After the disappointing GDP numbers for the fourth quarter, the pound is unlikely to find much support from the next set of data to be published in the UK this week. January inflation and retail sales readings are due on Wednesday and Friday, respectively, at 09:30 GMT. Both reports are expected to point to further weakness in the British economy, as a combination of lingering Brexit uncertainty and global growth slowdown take their toll.
Prices pressures in the UK have been easing since late 2017 when annual inflation peaked at 3.1%. But with the effects of the pound’s slump after the 2016 Brexit referendum dropping out of the CPI calculations, oil prices falling back sharply, and subdued global demand, the headline rate is expected to slip below the Bank of England’s 2% target in January, from 2.1% to 1.9% year-on-year. The core rate, which excludes energy, food, alcoholic beverages, and tobacco, is forecast to remain unchanged at 1.9%.
The inflation numbers alone are unlikely to worry the Bank of England, who are already anticipating for the consumer price index to ease below 2% in the first quarter of 2019 before rising back above it towards the end of the year. With inflation projected to stay above 2% in 2020 and 2021, the Bank is likely to resume its rate hike cycle if there is a smooth Brexit. That possibility is what’s currently preventing the pound from sliding more sharply amid a deteriorating growth picture in the UK.
The British economy expanded by just 0.2% quarter-on-quarter in the final three months of 2018, and in December alone, GDP fell by 0.4% over the month, signalling further softness for Q1 2019. The dismal January PMI prints released earlier this month confirm the worsening trend at the start of 2019, and the BoE’s latest growth projections published last week may already be looking overoptimistic even if a disorderly Brexit is averted.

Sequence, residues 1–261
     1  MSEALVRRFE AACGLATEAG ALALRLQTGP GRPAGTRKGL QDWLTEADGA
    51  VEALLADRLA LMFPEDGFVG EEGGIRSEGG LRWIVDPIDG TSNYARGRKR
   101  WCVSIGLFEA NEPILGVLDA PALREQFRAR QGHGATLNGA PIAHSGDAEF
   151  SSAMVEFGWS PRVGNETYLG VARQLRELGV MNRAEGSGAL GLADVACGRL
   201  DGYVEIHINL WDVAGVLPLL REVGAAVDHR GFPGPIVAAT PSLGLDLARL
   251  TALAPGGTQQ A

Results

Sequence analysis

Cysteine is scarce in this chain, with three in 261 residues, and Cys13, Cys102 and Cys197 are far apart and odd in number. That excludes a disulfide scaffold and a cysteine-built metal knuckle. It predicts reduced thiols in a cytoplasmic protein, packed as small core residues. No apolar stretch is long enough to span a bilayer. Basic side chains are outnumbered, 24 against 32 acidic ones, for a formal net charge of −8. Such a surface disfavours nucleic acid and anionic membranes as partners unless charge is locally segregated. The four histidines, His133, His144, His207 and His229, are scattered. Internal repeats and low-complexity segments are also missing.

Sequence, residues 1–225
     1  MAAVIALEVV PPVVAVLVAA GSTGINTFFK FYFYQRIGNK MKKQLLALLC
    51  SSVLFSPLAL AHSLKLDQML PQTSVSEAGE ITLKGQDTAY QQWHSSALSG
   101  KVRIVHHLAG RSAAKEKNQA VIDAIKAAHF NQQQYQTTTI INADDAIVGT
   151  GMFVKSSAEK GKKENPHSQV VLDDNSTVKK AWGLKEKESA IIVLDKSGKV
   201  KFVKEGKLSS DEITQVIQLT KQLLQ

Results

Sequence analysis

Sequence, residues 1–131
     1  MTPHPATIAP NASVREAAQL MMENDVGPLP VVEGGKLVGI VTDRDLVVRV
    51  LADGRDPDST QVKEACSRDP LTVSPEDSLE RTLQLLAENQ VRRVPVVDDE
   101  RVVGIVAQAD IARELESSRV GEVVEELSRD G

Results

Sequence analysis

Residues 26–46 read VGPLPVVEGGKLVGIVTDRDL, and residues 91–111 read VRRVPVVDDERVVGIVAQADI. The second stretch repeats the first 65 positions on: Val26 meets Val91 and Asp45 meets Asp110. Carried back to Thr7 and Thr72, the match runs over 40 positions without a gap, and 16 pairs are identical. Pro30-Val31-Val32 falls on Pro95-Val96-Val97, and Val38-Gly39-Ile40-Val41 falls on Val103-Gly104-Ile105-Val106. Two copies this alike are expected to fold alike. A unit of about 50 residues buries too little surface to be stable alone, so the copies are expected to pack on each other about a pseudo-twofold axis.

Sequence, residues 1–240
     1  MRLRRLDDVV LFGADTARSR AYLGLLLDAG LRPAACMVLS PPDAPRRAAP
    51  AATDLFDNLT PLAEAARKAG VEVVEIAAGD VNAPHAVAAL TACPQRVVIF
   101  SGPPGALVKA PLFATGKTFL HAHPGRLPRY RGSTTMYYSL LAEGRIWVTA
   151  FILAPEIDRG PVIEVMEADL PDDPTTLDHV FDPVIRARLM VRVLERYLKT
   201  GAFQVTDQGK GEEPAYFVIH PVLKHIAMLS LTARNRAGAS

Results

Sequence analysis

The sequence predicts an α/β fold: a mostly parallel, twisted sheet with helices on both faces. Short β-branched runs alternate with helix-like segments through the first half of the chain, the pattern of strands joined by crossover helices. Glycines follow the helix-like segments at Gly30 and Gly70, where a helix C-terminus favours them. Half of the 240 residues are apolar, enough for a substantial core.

Further evidence of a sluggish economy will probably be found in Friday’s retail sales figures. After December’s bigger-than-expected 0.9% drop, retail sales are set for only a modest rebound in January, rising by 0.2% month-on-month. The 12-month rate is forecast to have picked up from 3.0% to 3.4%, while the core measure that excludes fuel sales is expected to have increased by 0.2% m/m.
If inflation and retail sales figures send more warning signs about UK growth, dampening expectations about future rate hikes by the Bank of England, GBP/USD could easily lose the grip on the immediate support level of $1.2825. This happens to be near the 50% Fibonacci of the January uptrend and falling below it would also take price action below the 50-day moving average. Such a move could accelerate the declines towards the $1.2675 support region before attention turns to January’s 21-month low of $1.2436.
However, if the data isn’t as soft as what’s being anticipated, particularly the retail sales numbers, GBP/USD could post a mini-rebound, barring, of course, any negative headlines surrounding Brexit. GBP/USD could initially attempt to take on the 38.2% Fibonacci at $1.2918 before targeting the $1.30 handle, which is just above the 20-day moving average. A break above $1.30 would clear the way for the January peak of $1.3216.
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